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Crashed Israeli lunar lander could have spilled 'water bears' on moon

Tardigrades – commonly called "water bears" – were among the payload of an Israeli lunar lander that crashed into the moon in April.

  • An Israeli spacecraft carrying tiny animals called tardigrades crashed onto the moon in April.
  • It's unclear whether humans would be able to revive the tardigrades, which were in a dehydrated state.
  • Tardigrades have a unique protein that enables them to survive intense levels of radiation.

There are no humans currently on the moon. But it's very possible that other Earthly animals exist right now on the lunar surface, following the crash of an Israeli lander in April.

The washing-machine-sized spacecraft – Aerospace Industries' Beresheet – was on a mission to deposit what was basically a digital time capsule on the moon. It contained a primer on humanity and its achievements: thousands of books, DNA samples, textbooks and the secrets to David Copperfield's magic tricks. It also contained thousands of dehydrated tardigrades – microscopic animals, commonly called "water bears," known for being able to survive extreme conditions that prove fatal for nearly all other known lifeforms.

But on April 11, 2019, Beresheet's gyroscopes failed and it crashed into the moon.

"For the first 24 hours we were just in shock," Nova Spivack, found of Arch Mission Foundation, which seeks to create "a backup of planet Earth," told Wired. "We sort of expected that it would be successful. We knew there were risks but we didn't think the risks were that significant."

The team knew the lander was toast. But subsequent analyses revealed that the lunar library likely survived the crash, meaning the tardigrades might have too. Tardigrades possess the rare ability to essentially stop their metabolism and enter a dormant, desiccated state. Although these tiny creatures only live for a few months, some have been put into a dormant state for 10 years and then were successfully revived. One was even revived after 30 years.

Tardigrades have also survived in this state in space – the first animal to do so. In 2007, Russian astronauts exposed groups of tardigrades to the vacuum and intense radiation of low-Earth orbit for 10 days. Back on Earth, scientists successfully revived 68 percent of the tardigrades. In 2011, an Italian crew conducted a similar experiment, finding that cosmic radiation "did not significantly affect survival of tardigrades in flight, confirming that tardigrades represent a useful animal for space research."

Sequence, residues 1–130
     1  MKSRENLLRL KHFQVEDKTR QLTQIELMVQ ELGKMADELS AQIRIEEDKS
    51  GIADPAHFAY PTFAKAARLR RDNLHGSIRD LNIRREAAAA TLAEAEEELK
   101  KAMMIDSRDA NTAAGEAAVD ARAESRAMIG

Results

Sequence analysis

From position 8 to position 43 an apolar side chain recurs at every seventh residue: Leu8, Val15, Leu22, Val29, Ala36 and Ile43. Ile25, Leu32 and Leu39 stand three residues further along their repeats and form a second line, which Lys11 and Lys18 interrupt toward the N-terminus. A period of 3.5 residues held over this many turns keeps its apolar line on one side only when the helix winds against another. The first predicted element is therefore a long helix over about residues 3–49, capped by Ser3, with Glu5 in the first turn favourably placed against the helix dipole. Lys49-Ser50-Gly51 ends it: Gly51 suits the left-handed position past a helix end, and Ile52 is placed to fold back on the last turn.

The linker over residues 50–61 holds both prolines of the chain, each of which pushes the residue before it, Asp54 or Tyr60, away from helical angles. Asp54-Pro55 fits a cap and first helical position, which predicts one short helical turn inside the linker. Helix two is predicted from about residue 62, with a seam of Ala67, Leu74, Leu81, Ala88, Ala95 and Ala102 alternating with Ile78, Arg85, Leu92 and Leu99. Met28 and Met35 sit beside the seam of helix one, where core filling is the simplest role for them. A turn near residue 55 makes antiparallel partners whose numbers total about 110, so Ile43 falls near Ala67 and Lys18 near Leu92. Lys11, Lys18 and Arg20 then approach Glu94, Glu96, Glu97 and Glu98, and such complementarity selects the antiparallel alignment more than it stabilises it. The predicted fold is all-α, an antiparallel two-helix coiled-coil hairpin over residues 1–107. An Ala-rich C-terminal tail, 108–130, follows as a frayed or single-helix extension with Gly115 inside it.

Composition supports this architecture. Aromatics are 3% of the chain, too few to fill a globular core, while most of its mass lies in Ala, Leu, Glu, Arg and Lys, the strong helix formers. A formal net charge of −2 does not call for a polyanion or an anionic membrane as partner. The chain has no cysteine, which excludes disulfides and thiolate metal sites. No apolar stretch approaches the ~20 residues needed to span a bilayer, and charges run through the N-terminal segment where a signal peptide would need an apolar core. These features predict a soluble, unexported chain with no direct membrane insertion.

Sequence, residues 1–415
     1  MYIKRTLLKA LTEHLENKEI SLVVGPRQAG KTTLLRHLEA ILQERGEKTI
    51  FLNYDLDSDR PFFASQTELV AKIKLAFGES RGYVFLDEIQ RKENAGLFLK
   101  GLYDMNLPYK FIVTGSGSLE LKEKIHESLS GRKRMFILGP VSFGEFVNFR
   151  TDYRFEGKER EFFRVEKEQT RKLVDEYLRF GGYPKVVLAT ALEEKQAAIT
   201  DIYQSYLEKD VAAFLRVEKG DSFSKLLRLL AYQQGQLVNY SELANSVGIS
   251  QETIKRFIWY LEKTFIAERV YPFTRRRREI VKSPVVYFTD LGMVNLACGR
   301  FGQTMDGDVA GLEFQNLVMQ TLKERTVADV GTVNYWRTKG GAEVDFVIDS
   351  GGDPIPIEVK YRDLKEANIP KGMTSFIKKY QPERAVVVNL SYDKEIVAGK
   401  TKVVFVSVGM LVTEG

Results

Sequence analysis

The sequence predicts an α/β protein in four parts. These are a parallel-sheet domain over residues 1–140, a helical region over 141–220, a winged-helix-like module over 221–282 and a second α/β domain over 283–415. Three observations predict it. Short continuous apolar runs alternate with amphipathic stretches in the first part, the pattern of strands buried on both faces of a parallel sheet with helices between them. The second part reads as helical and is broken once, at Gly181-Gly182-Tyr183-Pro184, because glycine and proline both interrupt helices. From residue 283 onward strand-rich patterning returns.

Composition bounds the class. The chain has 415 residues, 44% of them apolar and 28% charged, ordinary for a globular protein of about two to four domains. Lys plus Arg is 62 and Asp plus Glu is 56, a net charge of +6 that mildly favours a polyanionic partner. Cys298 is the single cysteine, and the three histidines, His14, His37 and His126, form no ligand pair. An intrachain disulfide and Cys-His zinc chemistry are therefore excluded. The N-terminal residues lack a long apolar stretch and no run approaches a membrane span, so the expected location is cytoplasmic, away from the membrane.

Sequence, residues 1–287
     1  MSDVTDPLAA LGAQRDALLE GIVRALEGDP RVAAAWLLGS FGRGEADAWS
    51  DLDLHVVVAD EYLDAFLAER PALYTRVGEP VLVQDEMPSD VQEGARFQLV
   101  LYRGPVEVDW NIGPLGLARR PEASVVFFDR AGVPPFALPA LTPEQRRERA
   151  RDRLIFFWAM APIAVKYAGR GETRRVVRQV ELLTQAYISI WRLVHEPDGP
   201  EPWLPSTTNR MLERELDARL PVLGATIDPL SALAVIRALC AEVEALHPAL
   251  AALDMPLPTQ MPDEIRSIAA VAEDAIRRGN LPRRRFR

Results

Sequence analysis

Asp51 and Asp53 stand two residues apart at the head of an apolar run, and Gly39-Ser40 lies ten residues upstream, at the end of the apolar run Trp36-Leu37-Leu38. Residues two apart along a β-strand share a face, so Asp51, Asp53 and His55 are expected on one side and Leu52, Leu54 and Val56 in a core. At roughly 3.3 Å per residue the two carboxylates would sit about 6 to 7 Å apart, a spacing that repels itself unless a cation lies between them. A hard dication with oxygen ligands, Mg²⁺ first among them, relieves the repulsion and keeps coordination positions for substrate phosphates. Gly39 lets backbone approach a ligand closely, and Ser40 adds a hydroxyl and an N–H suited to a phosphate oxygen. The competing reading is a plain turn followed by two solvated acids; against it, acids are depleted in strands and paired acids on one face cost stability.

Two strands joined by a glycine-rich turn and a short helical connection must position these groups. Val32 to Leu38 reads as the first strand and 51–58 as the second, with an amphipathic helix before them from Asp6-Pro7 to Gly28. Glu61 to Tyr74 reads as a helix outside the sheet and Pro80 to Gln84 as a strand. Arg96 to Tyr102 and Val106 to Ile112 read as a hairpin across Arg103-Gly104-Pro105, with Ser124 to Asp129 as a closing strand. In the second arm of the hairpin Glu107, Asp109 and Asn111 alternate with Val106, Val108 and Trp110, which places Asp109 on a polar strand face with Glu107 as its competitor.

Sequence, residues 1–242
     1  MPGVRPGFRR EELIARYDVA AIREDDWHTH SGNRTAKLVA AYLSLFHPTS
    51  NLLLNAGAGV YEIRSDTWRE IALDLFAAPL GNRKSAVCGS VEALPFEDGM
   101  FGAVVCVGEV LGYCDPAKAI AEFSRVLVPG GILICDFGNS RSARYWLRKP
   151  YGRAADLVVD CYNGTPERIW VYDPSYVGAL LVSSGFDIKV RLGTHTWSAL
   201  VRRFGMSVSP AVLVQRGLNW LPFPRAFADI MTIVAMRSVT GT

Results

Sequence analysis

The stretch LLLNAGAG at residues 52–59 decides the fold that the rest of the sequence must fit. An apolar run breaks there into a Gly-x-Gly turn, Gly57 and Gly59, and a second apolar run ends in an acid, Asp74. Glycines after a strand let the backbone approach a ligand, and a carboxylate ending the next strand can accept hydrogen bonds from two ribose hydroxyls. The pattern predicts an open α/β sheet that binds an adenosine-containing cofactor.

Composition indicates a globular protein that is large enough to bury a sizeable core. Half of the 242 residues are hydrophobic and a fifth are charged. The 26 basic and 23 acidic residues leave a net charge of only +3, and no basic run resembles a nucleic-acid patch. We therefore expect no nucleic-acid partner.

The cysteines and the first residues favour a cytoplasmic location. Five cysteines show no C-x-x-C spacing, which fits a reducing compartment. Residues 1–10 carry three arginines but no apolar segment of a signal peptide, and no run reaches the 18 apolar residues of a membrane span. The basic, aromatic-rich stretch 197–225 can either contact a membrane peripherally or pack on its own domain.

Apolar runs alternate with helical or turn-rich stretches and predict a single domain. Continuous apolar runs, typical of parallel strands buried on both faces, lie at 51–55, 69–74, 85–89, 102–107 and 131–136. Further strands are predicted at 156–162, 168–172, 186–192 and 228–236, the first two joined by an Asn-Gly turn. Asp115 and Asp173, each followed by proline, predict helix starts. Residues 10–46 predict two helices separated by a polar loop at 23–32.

How are they able to withstand such intense levels of radiation? In a 2016 study published in Nature Communications, researchers found that tardigrades express a unique protein – called "Dsup" – that effectively shields DNA from radiation. Surprisingly, it may be possible to someday give astronauts this rare ability.

"Once Dsup can be incorporated into humans, it may improve radio-tolerance," geneticist Takekazu Kunieda, co-author of the 2016 study, told Gizmodo. "But at the moment, we'd need genetic manipulations to do this, and I don't think this will happen in the near future."

It's unclear whether the tardigrades on the moon survived the crash, and, if so, whether humans will be able to revive them. But given the extreme places where tardigrades have survived and been discovered, it's definitely possible.

Neom, Saudi Arabia's $500 billion megacity, reaches its next phase

Construction of the $500 billion dollar tech city-state of the future is moving ahead.

Credit: Neom
Technology & Innovation
  • The futuristic megacity Neom is being built in Saudi Arabia.
  • The city will be fully automated, leading in health, education and quality of life.
  • It will feature an artificial moon, cloud seeding, robotic gladiators and flying taxis.
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Why do people believe in conspiracy theories?

Are we genetically inclined for superstition or just fearful of the truth?

  • From secret societies to faked moon landings, one thing that humanity seems to have an endless supply of is conspiracy theories. In this compilation, physicist Michio Kaku, science communicator Bill Nye, psychologist Sarah Rose Cavanagh, skeptic Michael Shermer, and actor and playwright John Cameron Mitchell consider the nature of truth and why some groups believe the things they do.
  • "I think there's a gene for superstition, a gene for hearsay, a gene for magic, a gene for magical thinking," argues Kaku. The theoretical physicist says that science goes against "natural thinking," and that the superstition gene persists because, one out of ten times, it actually worked and saved us.
  • Other theories shared include the idea of cognitive dissonance, the dangerous power of fear to inhibit critical thinking, and Hollywood's romanticization of conspiracies. Because conspiracy theories are so diverse and multifaceted, combating them has not been an easy task for science.

COVID-19 brain study to explore long-term effects of the virus

A growing body of research suggests COVID-19 can cause serious neurological problems.

Brain images of a patient with acute demyelinating encephalomyelitis.

  • The new study seeks to track the health of 50,000 people who have tested positive for COVID-19.
  • The study aims to explore whether the disease causes cognitive impairment and other conditions.
  • Recent research suggests that COVID-19 can, directly or indirectly, cause brain dysfunction, strokes, nerve damage and other neurological problems.
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Better reskilling can future-proof jobs in the age of automation. Enter SkillUp's new coalition.

Coronavirus layoffs are a glimpse into our automated future. We need to build better education opportunities now so Americans can find work in the economy of tomorrow.

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